The last two days in Bosnia have been emotional and filled with heartbreaking and inspiring moments. We met two people named Hasan and Saliha who shared their incredible stories with us. Both Hasan and Saliha lost family members in the Bosnian war. Hasan, one of a few survivors of the Death March, lost his twin brother and father. Saliha lost her two sons and husband. It was incredibly humbling to hear their stories of survival and loss as well as their resilience.
This experience reminded me of the power of storytelling on not only the listener but the teller as well. For Saliha and Hasan it seems as if sharing their story is a crucial part of their life now. They want to ensure that the truth is told and that people not only hear but also share their story. For me, it is difficult to comprehend the gravity of the war, the intensity of the pain felt, and the amount of lives lost. Thousands of men and boys were killed in the death march. It’s hard to fathom a tragedy of that magnitude, to remember that each person killed had a story. Saliha and Hasan’s stories made the war more real to me. To hear only the numbers of those killed almost allows one to be removed from the intense emotion of this tragedy. Hearing personal stories makes the crimes committed seem so much more real. Walking in the same streets and hillsides as those who were killed paints a more vivid picture of the history of this country. I appreciate having the experience of listening to these heartbreaking, yet inspiring personal stories.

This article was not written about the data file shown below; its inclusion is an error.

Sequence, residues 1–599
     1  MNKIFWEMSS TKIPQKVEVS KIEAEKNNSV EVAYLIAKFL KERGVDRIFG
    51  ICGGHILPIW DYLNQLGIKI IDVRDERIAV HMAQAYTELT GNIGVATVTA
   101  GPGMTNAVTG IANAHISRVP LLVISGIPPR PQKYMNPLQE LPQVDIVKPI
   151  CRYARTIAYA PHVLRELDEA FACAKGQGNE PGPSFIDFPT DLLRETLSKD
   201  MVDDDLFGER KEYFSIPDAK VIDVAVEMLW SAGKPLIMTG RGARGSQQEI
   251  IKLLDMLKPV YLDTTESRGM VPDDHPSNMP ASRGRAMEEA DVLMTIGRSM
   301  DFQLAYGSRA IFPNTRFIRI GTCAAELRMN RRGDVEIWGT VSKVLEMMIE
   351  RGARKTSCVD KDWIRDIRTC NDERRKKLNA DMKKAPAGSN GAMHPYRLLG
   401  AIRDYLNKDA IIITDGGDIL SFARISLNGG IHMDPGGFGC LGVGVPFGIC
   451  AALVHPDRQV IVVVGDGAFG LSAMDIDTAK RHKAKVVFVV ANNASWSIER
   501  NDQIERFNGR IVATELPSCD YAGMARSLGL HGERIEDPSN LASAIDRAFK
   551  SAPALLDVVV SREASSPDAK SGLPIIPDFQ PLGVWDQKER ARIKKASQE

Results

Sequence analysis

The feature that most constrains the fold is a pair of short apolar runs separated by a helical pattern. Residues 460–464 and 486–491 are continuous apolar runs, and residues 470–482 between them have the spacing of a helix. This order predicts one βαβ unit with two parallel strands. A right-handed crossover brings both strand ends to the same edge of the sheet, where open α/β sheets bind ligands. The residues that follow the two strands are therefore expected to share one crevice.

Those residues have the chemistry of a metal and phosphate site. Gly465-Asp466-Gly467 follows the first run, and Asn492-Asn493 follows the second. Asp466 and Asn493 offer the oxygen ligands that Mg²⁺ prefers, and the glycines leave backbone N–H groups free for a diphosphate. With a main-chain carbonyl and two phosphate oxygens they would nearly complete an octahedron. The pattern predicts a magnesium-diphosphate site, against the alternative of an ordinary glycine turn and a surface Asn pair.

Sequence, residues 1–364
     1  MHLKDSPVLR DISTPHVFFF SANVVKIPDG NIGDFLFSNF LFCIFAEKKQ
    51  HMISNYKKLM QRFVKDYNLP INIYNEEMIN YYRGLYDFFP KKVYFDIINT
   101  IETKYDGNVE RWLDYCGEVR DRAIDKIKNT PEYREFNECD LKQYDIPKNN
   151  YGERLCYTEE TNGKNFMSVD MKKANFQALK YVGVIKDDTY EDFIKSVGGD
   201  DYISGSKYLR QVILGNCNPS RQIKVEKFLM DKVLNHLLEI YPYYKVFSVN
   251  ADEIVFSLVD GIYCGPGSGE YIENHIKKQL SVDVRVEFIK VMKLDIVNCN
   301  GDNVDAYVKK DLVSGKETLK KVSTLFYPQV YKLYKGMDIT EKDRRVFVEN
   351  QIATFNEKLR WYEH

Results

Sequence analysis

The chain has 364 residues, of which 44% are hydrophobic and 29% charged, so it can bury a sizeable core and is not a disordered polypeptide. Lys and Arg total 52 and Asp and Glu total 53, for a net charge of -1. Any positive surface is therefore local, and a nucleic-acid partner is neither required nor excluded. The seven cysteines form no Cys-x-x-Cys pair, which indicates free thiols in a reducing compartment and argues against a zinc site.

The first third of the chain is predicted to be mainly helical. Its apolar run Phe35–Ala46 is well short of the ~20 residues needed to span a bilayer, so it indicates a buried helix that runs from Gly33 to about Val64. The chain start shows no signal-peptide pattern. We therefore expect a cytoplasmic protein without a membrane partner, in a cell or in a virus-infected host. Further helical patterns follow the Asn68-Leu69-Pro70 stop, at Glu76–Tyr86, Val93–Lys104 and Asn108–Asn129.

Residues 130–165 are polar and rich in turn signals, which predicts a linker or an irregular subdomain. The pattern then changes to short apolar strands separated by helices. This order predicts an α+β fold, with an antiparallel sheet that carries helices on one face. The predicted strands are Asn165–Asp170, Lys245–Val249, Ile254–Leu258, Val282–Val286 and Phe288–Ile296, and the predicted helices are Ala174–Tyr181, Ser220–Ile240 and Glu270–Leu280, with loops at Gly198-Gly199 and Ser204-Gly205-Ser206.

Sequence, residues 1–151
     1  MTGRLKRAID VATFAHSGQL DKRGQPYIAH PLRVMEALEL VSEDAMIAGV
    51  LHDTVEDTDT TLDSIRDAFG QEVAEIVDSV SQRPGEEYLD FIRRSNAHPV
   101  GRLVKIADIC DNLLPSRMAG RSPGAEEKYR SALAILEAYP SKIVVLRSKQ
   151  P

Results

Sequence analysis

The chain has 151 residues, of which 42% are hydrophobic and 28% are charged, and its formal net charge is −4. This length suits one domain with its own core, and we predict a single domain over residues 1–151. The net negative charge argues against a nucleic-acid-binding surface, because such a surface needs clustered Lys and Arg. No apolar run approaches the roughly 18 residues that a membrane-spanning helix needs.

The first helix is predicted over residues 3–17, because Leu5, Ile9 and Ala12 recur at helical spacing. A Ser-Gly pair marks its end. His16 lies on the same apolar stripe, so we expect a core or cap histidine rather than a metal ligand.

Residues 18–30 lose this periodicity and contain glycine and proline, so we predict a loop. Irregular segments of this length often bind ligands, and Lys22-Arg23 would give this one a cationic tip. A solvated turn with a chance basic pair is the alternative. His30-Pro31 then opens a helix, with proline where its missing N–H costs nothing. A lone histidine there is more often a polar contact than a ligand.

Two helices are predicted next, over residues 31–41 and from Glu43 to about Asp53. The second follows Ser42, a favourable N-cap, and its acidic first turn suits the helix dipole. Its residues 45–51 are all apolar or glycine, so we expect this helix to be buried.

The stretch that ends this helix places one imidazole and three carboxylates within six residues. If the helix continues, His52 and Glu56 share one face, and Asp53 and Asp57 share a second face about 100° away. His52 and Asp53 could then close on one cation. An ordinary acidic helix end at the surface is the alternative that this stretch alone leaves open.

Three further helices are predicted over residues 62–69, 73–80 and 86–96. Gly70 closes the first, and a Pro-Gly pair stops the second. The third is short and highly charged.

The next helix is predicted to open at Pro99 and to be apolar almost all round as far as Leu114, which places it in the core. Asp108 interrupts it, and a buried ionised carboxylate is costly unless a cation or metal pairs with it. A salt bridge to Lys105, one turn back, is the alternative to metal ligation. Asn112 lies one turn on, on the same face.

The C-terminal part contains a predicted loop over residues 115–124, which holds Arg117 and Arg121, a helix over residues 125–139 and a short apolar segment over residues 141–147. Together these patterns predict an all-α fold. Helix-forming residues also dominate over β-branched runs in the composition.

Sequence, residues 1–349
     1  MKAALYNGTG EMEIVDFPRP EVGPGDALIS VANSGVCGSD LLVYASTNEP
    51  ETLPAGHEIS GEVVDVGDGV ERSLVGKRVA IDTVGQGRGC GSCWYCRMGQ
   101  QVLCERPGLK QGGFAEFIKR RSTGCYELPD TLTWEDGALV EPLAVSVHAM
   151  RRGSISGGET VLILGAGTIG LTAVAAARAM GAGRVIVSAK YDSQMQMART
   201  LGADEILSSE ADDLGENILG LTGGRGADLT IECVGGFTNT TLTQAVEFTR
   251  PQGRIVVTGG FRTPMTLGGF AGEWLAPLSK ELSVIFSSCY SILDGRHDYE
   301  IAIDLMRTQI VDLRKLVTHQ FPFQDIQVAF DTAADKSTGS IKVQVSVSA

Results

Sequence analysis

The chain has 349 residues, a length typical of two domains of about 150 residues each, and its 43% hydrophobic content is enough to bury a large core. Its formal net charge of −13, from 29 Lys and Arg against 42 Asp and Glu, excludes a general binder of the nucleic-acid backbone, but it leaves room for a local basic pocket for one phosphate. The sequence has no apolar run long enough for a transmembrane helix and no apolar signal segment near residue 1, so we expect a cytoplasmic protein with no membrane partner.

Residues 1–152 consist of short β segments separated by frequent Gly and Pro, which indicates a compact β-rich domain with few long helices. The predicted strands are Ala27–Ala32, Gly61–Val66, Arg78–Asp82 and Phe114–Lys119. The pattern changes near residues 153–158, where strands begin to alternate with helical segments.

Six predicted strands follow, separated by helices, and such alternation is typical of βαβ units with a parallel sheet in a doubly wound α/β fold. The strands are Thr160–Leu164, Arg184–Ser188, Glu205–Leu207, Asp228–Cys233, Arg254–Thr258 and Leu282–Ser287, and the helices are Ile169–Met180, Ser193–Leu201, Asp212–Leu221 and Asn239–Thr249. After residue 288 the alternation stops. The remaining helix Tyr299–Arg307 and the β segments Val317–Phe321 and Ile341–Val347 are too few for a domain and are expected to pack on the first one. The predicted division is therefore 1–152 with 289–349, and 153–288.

We also visited the memorial in Potocari. Rows and rows of headstones of people who died from the same hands, names and names of people killed; gone from their families. Standing on those grounds, filled me with great sadness, but not one that could ever match the pain the families of those killed still feel today. Although I can never understand the pain experienced by those who were there, I am beginning to have a deeper appreciation of those experiences.